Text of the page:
Support those with special needs so they can be independent: President Halimah

SINGAPORE — Urging employers to be forthcoming when it comes to hiring and training people with special needs, President Halimah Yacob noted that it is important that support be given to this group so that they can be independent and integrate into society.

On Friday (Sept 15), she visited the Association for Persons with Special Needs (APSN) Centre for Adults at Kembangan-Chai Chee Community Hub, in her first public engagement a day after she was sworn in as President.

At the centre, Mdm Halimah, 63, interacted with some of the students and observed the training provided in different areas, from baking to retail services.

She also dropped by an occupational therapy class, where students learn how to improve their communication skills.

Speaking to reporters later, the President said that the visit gave her a “good idea” of APSN’s efforts to help about 100 of its students with special needs acquire skills and place them in jobs.

She praised ASPN for modifying the centre’s training facilities to cater to students’ needs, as they might not be able to adjust to the pace and processes in a standardised training facility.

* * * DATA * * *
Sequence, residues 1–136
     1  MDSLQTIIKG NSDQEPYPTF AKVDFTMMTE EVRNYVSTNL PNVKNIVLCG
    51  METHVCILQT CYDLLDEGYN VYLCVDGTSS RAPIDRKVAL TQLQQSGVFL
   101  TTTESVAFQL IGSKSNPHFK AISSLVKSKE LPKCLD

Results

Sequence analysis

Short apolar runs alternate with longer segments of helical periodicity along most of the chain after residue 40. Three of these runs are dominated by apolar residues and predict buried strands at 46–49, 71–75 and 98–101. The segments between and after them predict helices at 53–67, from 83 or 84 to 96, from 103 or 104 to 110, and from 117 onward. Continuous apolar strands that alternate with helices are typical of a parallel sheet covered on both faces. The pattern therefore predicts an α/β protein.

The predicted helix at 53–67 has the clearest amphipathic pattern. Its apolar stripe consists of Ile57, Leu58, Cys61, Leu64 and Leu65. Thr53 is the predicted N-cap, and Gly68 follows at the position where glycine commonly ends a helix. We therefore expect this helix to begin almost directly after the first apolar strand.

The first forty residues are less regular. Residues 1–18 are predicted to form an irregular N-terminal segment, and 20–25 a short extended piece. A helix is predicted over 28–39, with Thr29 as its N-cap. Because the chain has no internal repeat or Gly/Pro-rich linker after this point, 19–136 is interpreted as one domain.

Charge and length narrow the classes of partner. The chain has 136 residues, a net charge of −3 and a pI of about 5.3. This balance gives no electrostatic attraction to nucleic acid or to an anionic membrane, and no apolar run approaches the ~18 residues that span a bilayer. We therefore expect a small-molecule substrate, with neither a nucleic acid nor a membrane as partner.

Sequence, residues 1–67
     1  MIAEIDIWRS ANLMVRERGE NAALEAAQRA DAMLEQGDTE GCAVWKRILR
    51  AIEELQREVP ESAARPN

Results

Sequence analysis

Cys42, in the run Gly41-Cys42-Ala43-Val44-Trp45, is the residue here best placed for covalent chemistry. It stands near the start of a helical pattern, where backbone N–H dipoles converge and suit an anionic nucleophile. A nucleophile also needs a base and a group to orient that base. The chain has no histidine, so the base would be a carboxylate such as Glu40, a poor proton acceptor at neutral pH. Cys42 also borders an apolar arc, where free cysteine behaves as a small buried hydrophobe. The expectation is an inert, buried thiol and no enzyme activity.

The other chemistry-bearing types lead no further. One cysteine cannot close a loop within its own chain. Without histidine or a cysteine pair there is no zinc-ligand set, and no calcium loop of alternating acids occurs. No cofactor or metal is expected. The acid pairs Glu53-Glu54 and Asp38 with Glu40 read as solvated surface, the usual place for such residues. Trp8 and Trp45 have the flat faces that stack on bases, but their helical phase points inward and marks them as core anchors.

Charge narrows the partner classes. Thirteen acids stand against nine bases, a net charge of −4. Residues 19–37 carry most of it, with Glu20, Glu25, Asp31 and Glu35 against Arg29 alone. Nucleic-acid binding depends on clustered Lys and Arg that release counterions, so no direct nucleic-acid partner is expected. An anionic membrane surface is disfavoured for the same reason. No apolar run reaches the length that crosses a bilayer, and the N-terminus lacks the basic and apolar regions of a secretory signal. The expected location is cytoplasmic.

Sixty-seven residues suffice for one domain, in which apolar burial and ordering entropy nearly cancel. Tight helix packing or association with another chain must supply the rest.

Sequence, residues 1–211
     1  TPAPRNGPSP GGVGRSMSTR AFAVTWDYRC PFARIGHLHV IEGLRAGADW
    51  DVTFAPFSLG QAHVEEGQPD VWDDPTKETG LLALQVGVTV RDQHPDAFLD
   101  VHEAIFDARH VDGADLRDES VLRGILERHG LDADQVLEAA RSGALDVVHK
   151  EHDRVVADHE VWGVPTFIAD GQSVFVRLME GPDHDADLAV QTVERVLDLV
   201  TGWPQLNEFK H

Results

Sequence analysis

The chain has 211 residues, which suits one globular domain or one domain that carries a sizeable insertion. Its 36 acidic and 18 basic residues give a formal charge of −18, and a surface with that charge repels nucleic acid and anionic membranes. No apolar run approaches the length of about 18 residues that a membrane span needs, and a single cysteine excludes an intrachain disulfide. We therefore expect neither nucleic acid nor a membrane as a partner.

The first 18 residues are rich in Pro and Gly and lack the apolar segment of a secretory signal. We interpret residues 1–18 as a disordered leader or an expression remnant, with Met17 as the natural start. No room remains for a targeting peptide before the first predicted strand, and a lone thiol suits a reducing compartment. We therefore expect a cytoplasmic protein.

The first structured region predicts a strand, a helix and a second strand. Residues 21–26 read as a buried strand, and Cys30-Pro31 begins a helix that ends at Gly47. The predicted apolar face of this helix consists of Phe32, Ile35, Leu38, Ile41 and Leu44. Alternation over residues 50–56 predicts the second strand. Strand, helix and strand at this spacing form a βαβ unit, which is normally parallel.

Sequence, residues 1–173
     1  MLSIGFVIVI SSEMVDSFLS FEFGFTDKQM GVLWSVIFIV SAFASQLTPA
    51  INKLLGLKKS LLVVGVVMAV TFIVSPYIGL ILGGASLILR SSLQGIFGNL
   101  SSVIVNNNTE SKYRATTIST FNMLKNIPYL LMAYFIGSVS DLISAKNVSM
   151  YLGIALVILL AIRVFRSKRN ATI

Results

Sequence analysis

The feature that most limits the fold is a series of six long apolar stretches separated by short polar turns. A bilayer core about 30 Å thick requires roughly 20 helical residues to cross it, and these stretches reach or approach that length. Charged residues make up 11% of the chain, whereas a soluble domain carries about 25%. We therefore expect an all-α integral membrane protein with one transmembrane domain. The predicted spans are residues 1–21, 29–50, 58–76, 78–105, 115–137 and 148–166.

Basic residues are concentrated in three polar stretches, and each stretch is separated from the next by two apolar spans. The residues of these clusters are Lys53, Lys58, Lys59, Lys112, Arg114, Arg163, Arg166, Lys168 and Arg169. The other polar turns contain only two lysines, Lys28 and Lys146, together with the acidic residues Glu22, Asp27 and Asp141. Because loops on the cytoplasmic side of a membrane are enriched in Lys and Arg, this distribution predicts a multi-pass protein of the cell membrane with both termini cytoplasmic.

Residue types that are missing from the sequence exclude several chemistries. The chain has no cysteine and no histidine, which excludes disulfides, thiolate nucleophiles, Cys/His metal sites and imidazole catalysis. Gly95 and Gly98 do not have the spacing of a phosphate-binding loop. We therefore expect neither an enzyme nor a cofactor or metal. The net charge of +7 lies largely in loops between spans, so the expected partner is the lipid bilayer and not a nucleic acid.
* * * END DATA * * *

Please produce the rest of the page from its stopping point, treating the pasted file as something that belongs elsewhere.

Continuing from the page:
The centre, she noted, also places emphasis on developing students’ social skills, which will be beneficial when they get jobs that require them to interact with customers.

“That’s absolutely crucial because it is absolutely important we help our friends with special needs to be independent, to be able to earn an income and therefore to be integrated into society,” said Mdm Halimah.

“I do hope employers will be very forthcoming ... to support the work of the APSN in terms of helping them to acquire skills as well as to give them work to do.”

Hoping to generate more awareness for people with special needs through the President’s Challenge — an annual campaign to raise funds for charity — Mdm Halimah said that the initiative could support APSN’s future plans to further develop the skills of people with special needs.

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